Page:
Law cuts red tape for funeral preparations | Local News
ALBANY – As the pandemic death toll in New York City increased, grieving loved ones often faced frustrating dead ends due to legal requirements that an original signature must be used on documents authorizing the transport of remains from overcrowded hospitals.
Legislation that was passed by both houses of the Legislature and now enacted by Governor Andrew Cuomo corrects the situation by allowing electronic signatures on funeral and cemetery documents.
David Fleming, legislative director of the New York State Cemeteries Association, recalled that the remains of COVID patients have suffered delays in death arrangements due to the physical signing warrant. An example of how death planning got stuck came when a spouse of a deceased patient was unable to immediately provide a handwritten copy of an authorization signature and ended up being quarantined for COVID-19 or succumb to infection.
Another common situation, which existed even before the pandemic, arose when a person died in New York City while other family members were in Florida or Europe, Fleming said. Relatives were to get the permissions signed by a witness and then sent back by FedEx to New York to move the funeral process forward, he noted.
Allowing electronic signatures was already allowed for documents like mortgages, and new legislation allows them for cemetery services, so documents can be instantly transmitted via a smartphone or laptop.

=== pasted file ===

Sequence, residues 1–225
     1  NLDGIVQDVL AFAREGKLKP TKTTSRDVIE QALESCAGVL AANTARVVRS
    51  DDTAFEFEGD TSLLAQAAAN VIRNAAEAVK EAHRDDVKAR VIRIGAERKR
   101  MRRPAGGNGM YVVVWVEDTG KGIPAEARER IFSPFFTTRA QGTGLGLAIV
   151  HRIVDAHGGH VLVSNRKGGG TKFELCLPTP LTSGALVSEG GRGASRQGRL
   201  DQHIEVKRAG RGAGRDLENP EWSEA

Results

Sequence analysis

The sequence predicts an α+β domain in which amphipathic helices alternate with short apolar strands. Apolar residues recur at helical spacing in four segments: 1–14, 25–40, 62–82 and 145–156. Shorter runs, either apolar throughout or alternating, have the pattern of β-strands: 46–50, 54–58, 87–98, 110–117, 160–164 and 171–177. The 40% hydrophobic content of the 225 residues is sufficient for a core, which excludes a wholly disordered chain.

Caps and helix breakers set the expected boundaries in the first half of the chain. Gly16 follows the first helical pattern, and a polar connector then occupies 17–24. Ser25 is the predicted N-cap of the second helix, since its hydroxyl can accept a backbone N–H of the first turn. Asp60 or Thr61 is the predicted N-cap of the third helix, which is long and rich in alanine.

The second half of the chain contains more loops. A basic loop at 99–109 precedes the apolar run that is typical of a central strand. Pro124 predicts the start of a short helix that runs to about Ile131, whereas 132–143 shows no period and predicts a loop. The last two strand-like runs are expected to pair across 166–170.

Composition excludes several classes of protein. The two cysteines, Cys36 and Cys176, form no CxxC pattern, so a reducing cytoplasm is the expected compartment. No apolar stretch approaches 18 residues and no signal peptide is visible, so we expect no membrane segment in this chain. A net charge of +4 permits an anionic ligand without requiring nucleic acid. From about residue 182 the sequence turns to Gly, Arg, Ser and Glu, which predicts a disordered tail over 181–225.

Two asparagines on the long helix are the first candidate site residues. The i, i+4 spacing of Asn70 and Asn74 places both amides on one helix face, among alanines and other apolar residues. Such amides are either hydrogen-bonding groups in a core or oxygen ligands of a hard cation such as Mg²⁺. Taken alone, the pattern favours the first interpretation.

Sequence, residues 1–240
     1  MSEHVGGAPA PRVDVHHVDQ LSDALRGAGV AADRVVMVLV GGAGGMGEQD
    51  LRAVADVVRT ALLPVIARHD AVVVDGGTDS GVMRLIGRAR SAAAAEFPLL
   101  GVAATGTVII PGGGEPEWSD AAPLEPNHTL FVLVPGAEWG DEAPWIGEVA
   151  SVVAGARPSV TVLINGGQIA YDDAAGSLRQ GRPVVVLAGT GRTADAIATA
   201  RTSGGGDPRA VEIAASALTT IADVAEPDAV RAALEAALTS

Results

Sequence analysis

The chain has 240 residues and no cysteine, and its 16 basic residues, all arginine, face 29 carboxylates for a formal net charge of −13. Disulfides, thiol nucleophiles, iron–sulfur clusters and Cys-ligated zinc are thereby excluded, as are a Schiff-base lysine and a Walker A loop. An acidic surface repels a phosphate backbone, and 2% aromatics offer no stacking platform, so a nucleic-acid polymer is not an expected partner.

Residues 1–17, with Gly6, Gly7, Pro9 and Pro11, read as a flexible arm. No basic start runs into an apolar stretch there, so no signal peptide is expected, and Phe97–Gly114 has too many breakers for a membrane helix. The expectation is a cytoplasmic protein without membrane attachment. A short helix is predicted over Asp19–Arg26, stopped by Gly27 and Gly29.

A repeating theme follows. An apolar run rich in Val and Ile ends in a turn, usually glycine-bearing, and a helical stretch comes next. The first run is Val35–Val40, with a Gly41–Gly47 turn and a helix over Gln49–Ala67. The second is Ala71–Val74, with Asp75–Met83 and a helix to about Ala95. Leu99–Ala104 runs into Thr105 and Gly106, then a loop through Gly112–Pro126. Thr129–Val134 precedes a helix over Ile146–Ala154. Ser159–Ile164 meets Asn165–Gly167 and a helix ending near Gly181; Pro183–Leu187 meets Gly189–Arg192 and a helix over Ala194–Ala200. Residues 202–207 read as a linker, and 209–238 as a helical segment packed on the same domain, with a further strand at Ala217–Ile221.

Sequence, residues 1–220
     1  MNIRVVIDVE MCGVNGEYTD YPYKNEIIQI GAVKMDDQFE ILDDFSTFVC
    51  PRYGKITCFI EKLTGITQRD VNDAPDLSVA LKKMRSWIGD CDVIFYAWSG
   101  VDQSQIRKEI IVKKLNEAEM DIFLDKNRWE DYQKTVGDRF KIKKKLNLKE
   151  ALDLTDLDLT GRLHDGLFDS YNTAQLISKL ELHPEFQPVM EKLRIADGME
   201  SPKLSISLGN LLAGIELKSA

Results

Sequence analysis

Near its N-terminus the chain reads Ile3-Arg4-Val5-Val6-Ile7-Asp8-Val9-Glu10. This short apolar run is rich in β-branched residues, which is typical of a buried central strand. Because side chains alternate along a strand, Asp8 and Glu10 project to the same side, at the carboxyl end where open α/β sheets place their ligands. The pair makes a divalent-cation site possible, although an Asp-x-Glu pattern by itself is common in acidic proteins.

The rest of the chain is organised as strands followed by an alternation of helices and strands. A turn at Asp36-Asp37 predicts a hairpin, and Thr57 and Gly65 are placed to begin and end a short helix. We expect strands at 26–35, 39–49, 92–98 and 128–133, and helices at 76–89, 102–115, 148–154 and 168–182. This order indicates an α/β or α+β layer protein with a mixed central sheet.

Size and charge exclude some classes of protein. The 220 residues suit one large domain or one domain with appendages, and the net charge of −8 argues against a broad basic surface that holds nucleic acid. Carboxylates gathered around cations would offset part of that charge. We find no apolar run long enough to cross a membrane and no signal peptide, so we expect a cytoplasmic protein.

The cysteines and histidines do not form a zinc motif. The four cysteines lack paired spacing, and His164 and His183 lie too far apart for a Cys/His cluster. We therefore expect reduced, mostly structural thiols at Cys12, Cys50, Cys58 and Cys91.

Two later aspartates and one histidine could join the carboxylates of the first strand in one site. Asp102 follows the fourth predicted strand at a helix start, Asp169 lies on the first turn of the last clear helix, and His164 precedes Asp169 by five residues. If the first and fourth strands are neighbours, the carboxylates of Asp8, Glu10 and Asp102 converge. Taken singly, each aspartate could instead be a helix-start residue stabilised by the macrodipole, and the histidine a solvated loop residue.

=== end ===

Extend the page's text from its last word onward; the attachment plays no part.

Fleming said cemetery managers have noted a marked increase in the number of families requesting cremations during the pandemic. As the health crisis began to ease, he said there is still a high demand for cremations, predicting that the number of crematoria in New York could increase by 20% over the next five years.
New York now has around 50 facilities, a number Fleming says is low for a state of 19 million people.
State Senator Simcha Felder, co-sponsor of the electronic signature bill, said passing the measure would save grieving families “the added stress of bureaucratic bureaucracy” while they are still under the shock of the sudden loss of a loved one.
Another measure championed by the cemeteries association and approved this year allows cemeteries to earn income from the rental of plots of land.
“It is in the public interest that cemeteries with surplus land can receive income from such land for a period of time without changing the purpose of public cemeteries or having a negative impact on the operation of the cemetery and the use of the land. cemetery grounds “, states legislation.
Many cemeteries are struggling with income deficits, Fleming noted.
Joe Mahoney covers the New York Statehouse for CNHI newspapers and websites. Contact him at [email protected]